<%-- Page Title--%> Dhaka Diary <%-- End Page Title--%>

<%-- Volume Number --%> Vol 1 Num 146 <%-- End Volume Number --%>

March 19, 2004

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Our Education Our Ethics

A couple of days back, I was on my way to my tuition when I noticed a rickshawpuller standing in front of my hall gate at Dhaka University. He had a sullen face and as I asked him whether he would take me to my destination, he declined with a deep sigh. He said that he had been waiting for about an hour and a half for his fare of Tk.20. A student had come from Shyamoli and had given the rickshawpuller a Tk.100 note. Since the puller didnít have change, the student went into the university campus, promising the rickshawpuller that he would return within five minutes with the change. He didn't. I was stunned but this was not the first time that I had heard something like this. Studying in such a reputed institution it is absolutely abominable that some students can be so unscrupulous. Is simply going to a university and getting a degree the main point of our education? Don't we learn any ethics at all? What is the meaning of our education if we continue to be so poor morally?

Md. Muzahid Husain, Dhaka University

Believe it or not

It was the last day of our university's summer vacation. I was getting ready to come back to Dhaka from my native town Comilla. At noon my father told me to buy a textbook for my younger brother and gave me a Tk.500 note. I went to the Moghultuli book market in Comilla with my brother. We finally got the book from Globe Library for Tk.140. I gave him the Tk.500 note and he returned my change. I didn't count it. After returning home, I put the money in my father's pocket. After some time, my father called me and asked for the price of the book. We noticed that Tk.100 was missing from the change that the shopkeeper had given me. We frantically searched for the money but it wasnít there. I decided to go back to the shop to see if I had dropped the money there. My father was quite angry as I had neglected my duty by not counting the money in front of the salesman and he told me not to go because it would just be a waste of time. But I still went back, just for my mental satisfaction. When I told my situation to the shopkeeper, he said nothing. He opened a book and started to count his account. And after 15 minutes, the man admitted that he had made a mistake. I was to receive Tk.100 more. I could not speak for a moment. I don't think that I can be as honest as this shopkeeper. Who could imagine that such an incident took place in a country that stood first on the world's corruption list for three consecutive years. This little incident gave me hope for a better Bangladesh.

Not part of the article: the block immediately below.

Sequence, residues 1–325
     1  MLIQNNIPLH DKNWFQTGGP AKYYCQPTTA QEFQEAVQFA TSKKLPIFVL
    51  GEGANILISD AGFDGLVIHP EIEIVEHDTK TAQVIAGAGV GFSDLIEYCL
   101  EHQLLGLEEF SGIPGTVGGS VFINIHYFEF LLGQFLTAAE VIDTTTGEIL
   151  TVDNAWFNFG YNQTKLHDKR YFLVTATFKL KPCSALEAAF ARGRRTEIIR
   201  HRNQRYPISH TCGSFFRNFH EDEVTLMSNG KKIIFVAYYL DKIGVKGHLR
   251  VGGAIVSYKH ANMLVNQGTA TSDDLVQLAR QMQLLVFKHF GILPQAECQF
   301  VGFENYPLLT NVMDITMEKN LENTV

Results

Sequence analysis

Shabbir Ahmad Mukim

Chittagong Diary

The Show-off

The other day I saw an interesting man while being stuck in a jam. He had put on an expensive pair of sunglasses and was talking loud on his cell phone, showing it off. I found this a bit odd and continued to watch the sight. After a little while, a gentleman dressed in a suit rushed towards the man, scolded him and grabbed the cell phone and the sunglasses from him. He then said something to the show-off. I understood that the things belonged to the gentleman--his boss. The man, who I understood was the driver, got into the car and drove off. I wonder why people like to show-off to get recognition. What could it possibly attain?

Umme Hani, Chittagong



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